D&D 5E "I would play in a 5e game with no caster classes at all" (a poll)

I would play in a 5e game with no caster classes at all.

  • Yes

    Votes: 119 70.0%
  • No

    Votes: 45 26.5%
  • Eric Noah is my half-fiend love child.

    Votes: 6 3.5%


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el-remmen

Moderator Emeritus
Sure. Though I can imagine it being pitched in a way that would make me skeptical - but that is not about the premise, but about the DM running it.
 

delericho

Legend
Depends. For a one-shot or a short campaign, sure.

For a long campaign, it would depend what you'd replaced the casters with - four classes just aren't enough if they're non-casters. But something like an updated Iron Heroes could work.
 

Fanaelialae

Legend
Sure. I'd only take issue with it if it were for more than one campaign. For a single campaign every now and again, that could be a fun change of pace. As a regular thing, I think it would lose most of that charm.

My group actually (mostly) did this in a 2e campaign. The DM told us to make non-caster characters. The reason I said mostly is because one of the DM's friends nagged him until he let the guy play a wizard. But after a few sessions that wizard died and the player created some variety of warrior. So it was a mostly casterless campaign, and it was quite fun and memorable.
 



Fanaelialae

Legend
Oh, definitely. I change up rules every campaign I run, so I didn't even think of the idea as a regular thing.
In the campaign that I mentioned, I recall that the DM created his own custom weapon specialization rules. I don't recall anymore exactly how it differed from 2e specialization, but I think at higher levels of specialization you had a chance to parry attacks and such.

It obviously doesn't need to be weapon specialization, but adding new options unique to such a campaign might help it to be more readily accepted by reticent players.
 


Inchoroi

Adventurer
I have to vote no!

However, with the right DM and the right setting and the right campaign, it might be fun. I wouldn't enjoy it, either as a player or DM.
 





billd91

Hobbit on Quest (he/him)
I am lost is this a joke or serious answer?
Well, he's not THAT librarian. But he is a librarian. We went to the UW-SLIS together back in the mid 1990s. Funny thing was I don't think either of us knew the other was a gamer at the time. Then a few years later he pops up with the 3e News site, 3e comes out, Eric retires from message board managing, and ENWorld gets spawned - roughly speaking.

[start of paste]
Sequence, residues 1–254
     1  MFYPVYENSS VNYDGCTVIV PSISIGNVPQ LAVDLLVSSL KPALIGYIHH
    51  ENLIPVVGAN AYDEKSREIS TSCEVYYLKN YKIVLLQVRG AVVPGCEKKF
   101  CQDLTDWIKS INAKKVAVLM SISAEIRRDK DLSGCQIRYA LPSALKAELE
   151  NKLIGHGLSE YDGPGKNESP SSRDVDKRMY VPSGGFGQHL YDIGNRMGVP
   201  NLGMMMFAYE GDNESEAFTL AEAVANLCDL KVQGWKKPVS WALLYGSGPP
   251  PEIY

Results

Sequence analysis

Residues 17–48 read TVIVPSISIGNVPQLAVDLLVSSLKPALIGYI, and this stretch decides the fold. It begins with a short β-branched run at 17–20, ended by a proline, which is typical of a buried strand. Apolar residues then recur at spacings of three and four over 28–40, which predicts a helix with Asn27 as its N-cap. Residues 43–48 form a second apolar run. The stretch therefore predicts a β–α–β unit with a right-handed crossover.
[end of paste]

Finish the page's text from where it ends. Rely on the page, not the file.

Sure, assuming it had to do with the story or setting and wasn't just some weird DM powertrip.

I would grumble that there are better systems to use for not being spellcasters than the system based around almost everyone being at least a little bit of a spellcaster and that adapting 5e is a bit of an absurd approach. Then I would remember that it's easier to just adapt the system people know than to try to get everyone to buy books for some other system.
 

Well, he's not THAT librarian. But he is a librarian. We went to the UW-SLIS together back in the mid 1990s. Funny thing was I don't think either of us knew the other was a gamer at the time. Then a few years later he pops up with the 3e News site, 3e comes out, Eric retires from message board managing, and ENWorld gets spawned - roughly speaking.
so the founder more or less, why not just say that?
 

TwoSix

Unserious gamer
Sure, assuming it had to do with the story or setting and wasn't just some weird DM powertrip.
All of my powertrips are always justified and never weird. :)

I would grumble that there are better systems to use for not being spellcasters than the system based around almost everyone being at least a little bit of a spellcaster and that adapting 5e is a bit of an absurd approach. Then I would remember that it's easier to just adapt the system people know than to try to get everyone to buy books for some other system.
"System everyone already knows" is exactly what I'm going for. And fantasy systems where magic isn't granted at character creation and assumed to be prevalent during character progression are surprisingly hard to find, in my experience.
 


I've played in that campaign. Twice. Both fell apart rather quickly. The character limitations were painful and after the Big Twist revealed that magic was indeed a thing that existed there weren't any ideas left. Never again.

It's the sort of high concept that can work in a novel but not so much a TTRPG, where the players are co-authors and character advancement is a lot more locked in.
I find that utterly ridiculous. I’ve been involved in several all martial campaigns and they were a blast. No magic or low magic are my favorite types of D&D.
 

And fantasy systems where magic isn't granted at character creation and assumed to be prevalent during character progression are surprisingly hard to find, in my experience.
Indeed. Which is especially disappointing considering how much fantasy literature is very low magic by comparison.
 

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